In 1908, Lewis Hine was assigned by the National Child Labor Committee to photograph working children. The organization was lobbying to end the employment of children. Joe was introduced to the collection by a friend and author. I contacted Joe last winter to arrange for him to speak at the spring meeting of the Polish Genealogical Society of Massachusetts. Due to illness, he rescheduled to October, and the talk took place at the Chicopee Public Library last week.
Until Joe told the story, we didn't know that he had become ill in March on his way back from an exhibit opening, celebrating the Young family of Tifton, Georgia. He had met 150 or so descendants at a reunion that started with an image of a little girl in a factory. Their story is here.
During his presentation in Chicopee, the 35 attendees enjoyed his description of the work he undertook to trace the descendants of child laborers in the Hines photos. He included case studies of local subjects from Chicopee and Easthampton, MA. The collection of over 5,000 photographs can be viewed and searched at the Library of Congress. Over the past several years, Joe Manning has traced the families of 350 of the subjects.
The enthusiasm of the attendees at Joe's talk was evident in the Q&A following his slide show. He was asked if he had researched his own family tree. His reply astonished me. Joe said that he had started with a genealogy class given at a local community college in 2002. The instructor had Polish heritage, as he recalled. Heads turned to me in the audience. "Was it Sara Campbell?" one asked. "That's it!" Joe said, "She changed my life."
I have enjoyed lecturing on a variety of genealogical topics for many years. That has included non-credit courses at Greenfield Community College, Holyoke Community College, PGSMa, and several libraries and regional groups. Some students keep in touch and I am always happy to know I have "infected" another beginner, or energized a researcher who had reached a brick wall. I never expected the compliment that Joe gave to me this week.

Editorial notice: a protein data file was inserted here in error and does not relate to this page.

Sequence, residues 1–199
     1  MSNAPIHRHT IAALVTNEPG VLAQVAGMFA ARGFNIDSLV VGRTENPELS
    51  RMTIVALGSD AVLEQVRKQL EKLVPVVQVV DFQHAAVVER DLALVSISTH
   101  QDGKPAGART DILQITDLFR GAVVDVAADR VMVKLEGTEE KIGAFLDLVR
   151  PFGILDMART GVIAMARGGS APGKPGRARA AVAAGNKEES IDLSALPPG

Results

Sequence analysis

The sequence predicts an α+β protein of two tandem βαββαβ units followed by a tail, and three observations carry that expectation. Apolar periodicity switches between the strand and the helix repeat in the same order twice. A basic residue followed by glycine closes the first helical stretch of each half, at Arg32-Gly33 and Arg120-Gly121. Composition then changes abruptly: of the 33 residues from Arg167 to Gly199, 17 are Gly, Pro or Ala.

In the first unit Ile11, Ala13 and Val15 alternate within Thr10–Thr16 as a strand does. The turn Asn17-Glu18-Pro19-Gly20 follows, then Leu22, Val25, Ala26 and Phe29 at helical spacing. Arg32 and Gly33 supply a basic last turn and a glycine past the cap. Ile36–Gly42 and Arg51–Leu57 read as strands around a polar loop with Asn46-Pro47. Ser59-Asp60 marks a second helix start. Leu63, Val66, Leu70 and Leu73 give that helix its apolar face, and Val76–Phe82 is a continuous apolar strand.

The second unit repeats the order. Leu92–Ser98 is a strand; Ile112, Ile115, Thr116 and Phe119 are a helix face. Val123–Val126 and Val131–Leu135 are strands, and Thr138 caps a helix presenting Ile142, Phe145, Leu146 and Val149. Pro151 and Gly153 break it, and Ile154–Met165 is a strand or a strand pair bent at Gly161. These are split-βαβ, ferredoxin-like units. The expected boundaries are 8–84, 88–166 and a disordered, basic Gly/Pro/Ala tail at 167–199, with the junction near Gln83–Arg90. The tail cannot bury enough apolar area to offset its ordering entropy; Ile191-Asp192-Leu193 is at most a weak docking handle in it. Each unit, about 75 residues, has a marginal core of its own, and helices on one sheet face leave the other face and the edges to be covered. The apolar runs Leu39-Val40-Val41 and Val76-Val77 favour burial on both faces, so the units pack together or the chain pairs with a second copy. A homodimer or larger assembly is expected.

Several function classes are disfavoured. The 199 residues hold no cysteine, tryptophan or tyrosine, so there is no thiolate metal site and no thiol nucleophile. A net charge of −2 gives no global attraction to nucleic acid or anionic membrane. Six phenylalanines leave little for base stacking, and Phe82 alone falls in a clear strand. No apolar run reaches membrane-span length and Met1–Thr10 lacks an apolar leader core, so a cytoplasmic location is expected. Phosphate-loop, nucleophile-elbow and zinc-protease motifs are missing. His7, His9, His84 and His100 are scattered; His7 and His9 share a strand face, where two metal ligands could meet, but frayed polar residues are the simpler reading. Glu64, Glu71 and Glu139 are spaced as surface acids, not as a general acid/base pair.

|Sara Campbell and Joe Manning, October 16, 2014|
at the Chicopee Public Library, Chicopee, MA
Photo by Shari Strahan
Thursday, September 18, 2014
Finding my first Irish census record for my mother's family has brought my attention back to that branch of my family. We are fortunate that my great-grandparents' Irish homeland was known by family lore. "Granny" came from Mullaghroe on the Mullet peninsula in western Mayo (God help us), as she always modified it. In telling what I have learned about my grandmother, Sarah Meeneghan, and her older sister, Mary, in early posts I pulled together much of what I know about the family. The digitized 1911 Irish census has added Irish names to my data base.
My great-grandfather, Dominick Meeneghan, emigrated from Ireland and married in Wheeling. WV in January of 1887. The marriage record lists his parents: William Meeneghan and Mary Riley. There is some evidence that he had followed his bride, Ellen Broderick, who may have come to work as a domestic. A woman I believe to be her sister Margaret was working in a household across the river in Ohio. The couple moved north to Springfield, NY where their first child, Mary, was born in October of that year.
"Cousins" William and Hannah Meeneghan were already established in Springfield. What was their relationship? They must have paved the way for Dominick and enticed him to settle in rural New York. The Meeneghan name is uncommon enough in the US that I can identify all but one or two of those currently in on-line phone directories.
I had no other information beyond the parents' names until I found an April 1906 obituary that lists a Mary Meeneghan as Dominick's sister. It also mentions a "sister in the west." The 1900 census lists her as a servant in the household of William Festus Morgan in Cooperstown.
Another researcher had passed along an Irish birth record from LDS microfilm that lists a daughter, Sarah, to William and Mary in Manraghory. That gives Dominick two sisters, both of whom have namesakes in his family.
This census record for Binghamstown, on the Mullet peninsula, fills out the family and adds several more siblings.
Combining these individuals we can construct what we know of the family unit.
William, b 1829
Mary b. 1835
William b. 1844 (not possible to be the child of William and Mary)
Dominick b. 1857 (Mary was 22)
Mary b. 1860
Sarah b. 1861 (was she the sister 'in the west?')
Catherine b. 1865
Margaret b. 1871
James b. 1874
Anne b. 1881 (Mary was 46)
Certainly, there could be additional children who had left home by 1911. Gaps of more than 2 years could also indicate early deaths. Could there be another William who was the eldest? Naming convention would be to name sons after the grandparents before taking the father's name.
The Irish are not known for being imaginative with family names, and the names of Dominick's children mirror his birth family: Mary, Sarah, Ellen, William, twins Katherine and Anne, Margaret, and John were his children.
The next census schedule indicates that they owned their home, which was called one room, with two windows on the front. It was solidly built of stone, brick or concrete, with a roof of wood or thatch.